The hair variation is rather extraordinary amongst fair peoples. Celtic Red, Welsh dark like Catherine Zeta, brunette with auburn highlights, blonde, and variations of blonde, and when combined with the eye colour: blue (Much of Norway, Denmark, and Sweden used to have a vast propenderance of blue eyes), and then there's the real gem: green eyes, very rare, and the sometimes bewitching hazel. I have hazel eyes and in the morning they are sometimes gold and in the evening green.

To reduce fair peoples to the idea that is unfair that they dominate fashion and beauty is to invite this retort: "Sorry, baby, in the world of mythology we're magical-looking and supernatural. Be afraid."

Please don't bring the Pope and his interest in little boys into this thread , thanks

tongue

Feb 19 13 07:45 am  Link  Quote 
Model
Cait W
Posts: 12
Northampton, Pennsylvania, US


Hey, finally something positive about being uber pale, because I'm about as pale as it gets. At the beach it's blinding. XD
Feb 19 13 02:07 pm  Link  Quote 
Model
Paige Morgan
Posts: 4,058
New York, New York, US


Working non Caucasian models have spoken at length about the difficulties/biases they face in the fashion industry, even when they meet all standards.


It's not readily apparent, based solely on the statistics which factors might be skewing the numbers one way or the other......but fashion does definitely have some issues to work out regarding race (see the repeated fumbles/shitstorms created by less than well though out editorial e.g. Lara Stone in blackface for French Vogue, "Haute Mess" in Italian Vogue, the "slave" earrings incident which I think was also Italian Vogue)


This article does a better job of discussing the topic IMHO:

http://nymag.com/fashion/11/spring/71654/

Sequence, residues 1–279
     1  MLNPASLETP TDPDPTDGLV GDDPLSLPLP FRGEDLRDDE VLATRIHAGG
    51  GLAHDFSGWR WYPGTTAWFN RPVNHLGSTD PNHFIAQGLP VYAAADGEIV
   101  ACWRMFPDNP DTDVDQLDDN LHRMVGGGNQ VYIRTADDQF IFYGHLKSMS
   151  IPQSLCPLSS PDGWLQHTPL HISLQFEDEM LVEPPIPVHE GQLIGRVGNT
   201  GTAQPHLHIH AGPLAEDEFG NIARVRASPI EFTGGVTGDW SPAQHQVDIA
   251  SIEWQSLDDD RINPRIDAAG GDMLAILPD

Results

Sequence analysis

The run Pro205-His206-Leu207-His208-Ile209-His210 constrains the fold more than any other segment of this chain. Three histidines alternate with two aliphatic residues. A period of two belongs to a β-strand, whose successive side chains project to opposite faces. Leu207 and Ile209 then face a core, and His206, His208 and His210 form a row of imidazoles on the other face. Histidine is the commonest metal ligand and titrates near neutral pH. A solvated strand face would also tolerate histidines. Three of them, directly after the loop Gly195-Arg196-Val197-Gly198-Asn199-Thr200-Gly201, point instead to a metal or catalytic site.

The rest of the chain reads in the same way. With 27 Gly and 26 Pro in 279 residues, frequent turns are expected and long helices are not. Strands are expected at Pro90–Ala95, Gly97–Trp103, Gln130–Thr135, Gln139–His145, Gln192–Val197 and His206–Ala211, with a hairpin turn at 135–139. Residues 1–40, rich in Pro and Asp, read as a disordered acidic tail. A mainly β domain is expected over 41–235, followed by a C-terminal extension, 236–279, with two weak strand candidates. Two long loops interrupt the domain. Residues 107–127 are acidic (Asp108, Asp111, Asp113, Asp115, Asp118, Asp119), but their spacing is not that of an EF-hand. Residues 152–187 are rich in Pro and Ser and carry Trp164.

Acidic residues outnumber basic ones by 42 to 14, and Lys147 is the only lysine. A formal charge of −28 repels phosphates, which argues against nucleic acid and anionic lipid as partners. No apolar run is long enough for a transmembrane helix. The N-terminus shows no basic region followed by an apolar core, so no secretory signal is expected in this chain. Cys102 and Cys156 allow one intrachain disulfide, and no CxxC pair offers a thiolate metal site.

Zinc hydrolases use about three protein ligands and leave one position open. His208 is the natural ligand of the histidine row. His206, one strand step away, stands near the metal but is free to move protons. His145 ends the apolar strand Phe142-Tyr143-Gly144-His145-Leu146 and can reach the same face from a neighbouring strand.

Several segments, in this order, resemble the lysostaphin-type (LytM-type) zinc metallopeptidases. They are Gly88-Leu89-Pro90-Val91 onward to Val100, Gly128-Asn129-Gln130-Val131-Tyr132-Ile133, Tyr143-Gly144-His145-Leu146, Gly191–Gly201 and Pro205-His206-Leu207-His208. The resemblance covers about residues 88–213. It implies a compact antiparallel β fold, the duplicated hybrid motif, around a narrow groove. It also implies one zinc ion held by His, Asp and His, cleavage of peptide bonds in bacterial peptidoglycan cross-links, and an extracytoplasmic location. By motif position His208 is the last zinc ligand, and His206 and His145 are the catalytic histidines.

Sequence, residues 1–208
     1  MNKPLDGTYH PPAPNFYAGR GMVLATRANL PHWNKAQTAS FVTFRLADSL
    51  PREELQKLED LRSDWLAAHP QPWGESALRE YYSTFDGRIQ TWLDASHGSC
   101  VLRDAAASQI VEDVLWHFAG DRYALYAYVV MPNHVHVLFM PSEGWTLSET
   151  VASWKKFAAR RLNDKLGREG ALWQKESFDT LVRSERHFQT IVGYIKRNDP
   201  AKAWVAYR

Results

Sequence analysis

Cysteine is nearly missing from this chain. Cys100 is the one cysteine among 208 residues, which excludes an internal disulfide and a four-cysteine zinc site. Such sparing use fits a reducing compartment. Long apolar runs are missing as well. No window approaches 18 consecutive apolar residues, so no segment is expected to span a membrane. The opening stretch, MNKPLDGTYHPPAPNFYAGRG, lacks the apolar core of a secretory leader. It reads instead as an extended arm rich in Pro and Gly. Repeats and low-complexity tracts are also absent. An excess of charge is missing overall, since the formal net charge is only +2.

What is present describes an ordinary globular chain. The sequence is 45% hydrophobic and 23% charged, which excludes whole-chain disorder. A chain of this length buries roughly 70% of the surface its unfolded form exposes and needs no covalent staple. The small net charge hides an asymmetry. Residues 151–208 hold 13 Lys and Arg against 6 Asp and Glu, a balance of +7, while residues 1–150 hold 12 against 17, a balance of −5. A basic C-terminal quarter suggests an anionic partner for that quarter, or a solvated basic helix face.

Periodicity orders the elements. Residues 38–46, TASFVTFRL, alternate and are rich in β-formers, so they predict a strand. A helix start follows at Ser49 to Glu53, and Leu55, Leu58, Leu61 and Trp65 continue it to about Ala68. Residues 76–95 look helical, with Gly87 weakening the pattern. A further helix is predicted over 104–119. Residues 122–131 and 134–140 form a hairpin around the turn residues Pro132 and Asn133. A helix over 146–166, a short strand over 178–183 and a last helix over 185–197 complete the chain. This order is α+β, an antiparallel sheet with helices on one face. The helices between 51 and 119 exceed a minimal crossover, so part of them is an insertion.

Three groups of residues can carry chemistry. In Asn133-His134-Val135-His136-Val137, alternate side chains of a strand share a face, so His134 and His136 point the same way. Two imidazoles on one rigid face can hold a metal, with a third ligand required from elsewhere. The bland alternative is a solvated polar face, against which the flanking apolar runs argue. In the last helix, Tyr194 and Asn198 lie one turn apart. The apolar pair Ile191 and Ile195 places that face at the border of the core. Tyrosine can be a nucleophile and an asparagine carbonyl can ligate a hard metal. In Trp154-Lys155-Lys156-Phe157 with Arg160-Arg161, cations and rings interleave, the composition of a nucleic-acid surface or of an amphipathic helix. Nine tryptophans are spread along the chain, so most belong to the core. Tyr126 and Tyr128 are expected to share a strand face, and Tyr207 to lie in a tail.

Feb 19 13 02:21 pm  Link  Quote 
Photographer
AJ_In_Atlanta
Posts: 12,781
Atlanta, Georgia, US


Miroslava Svoboda wrote:
Has anyone thought that maybe it's difficult for other races to fit those stringent standards? Asian women are usually not tall enough and Latino and African American ladies tend to have more booty. I think that would explain the disproportional ratio.

Nope there are plenty, its about marketability.  The minor change is just that, minor.  There have been very few models of color in fashion.  Many advertisers fear an identifiable ethnic model will associate their brand with that group and limit their market.  I can't say they are right or wrong, its no doubt what their market research has found.

So don't blame the fashion industry for giving customers what they want; You can blame people for having a narrow view of the world if it makes you feel better.  Things won't change until consumers make it - with their dollars.

Feb 19 13 02:27 pm  Link  Quote 
Photographer
MC Photo
Posts: 4,144
New York, New York, US


Paolo Diavolo wrote:
*shrugs*
certain ethnicities excel in different things;
fashion, sports, entertainment, medical, technology, or service industries.

82% in that fashion show were white,..
in 2011 83% of players in the NBA were not white.
no biggie.
hopefully the best rise to the top, and deserve their hard earned success.
thats something that should be appreciated by all regardless of backgrounds.

Do you think that if you quantified llamaing skills the llamas who were hired would all have more skill than ones who weren't but wanted to be? I doubt it.

It's a question of whether it's acceptable to select llamas based on their appearance.

The comment about certain ethnicities excelling is a racist one, even if it was said with a good intent. There are other more socially acceptable ways to communicate that if you're willing to take the time.

Feb 19 13 03:07 pm  Link  Quote 
Model
angel emily
Posts: 1,020
Boston, Massachusetts, US


LA StarShooter wrote:
and then there's the real gem: green eyes, very rare

big_smile big_smile big_smile

Back to the OP...

Interesting note. 

Begs the question, (I'm studying HR!) -- is this a discrimination issue? 
Can it be proven discrimination is taking place?  If so, could a lawsuit be filed against the fashion industry?

Feb 19 13 03:48 pm  Link  Quote 
Model
angel emily
Posts: 1,020
Boston, Massachusetts, US


MC Photo wrote:
Do you think that if you quantified modeling skills the models who were hired would all have more skill than ones who weren't but wanted to be? I doubt it.

It's a question of whether it's acceptable to select models based on their appearance.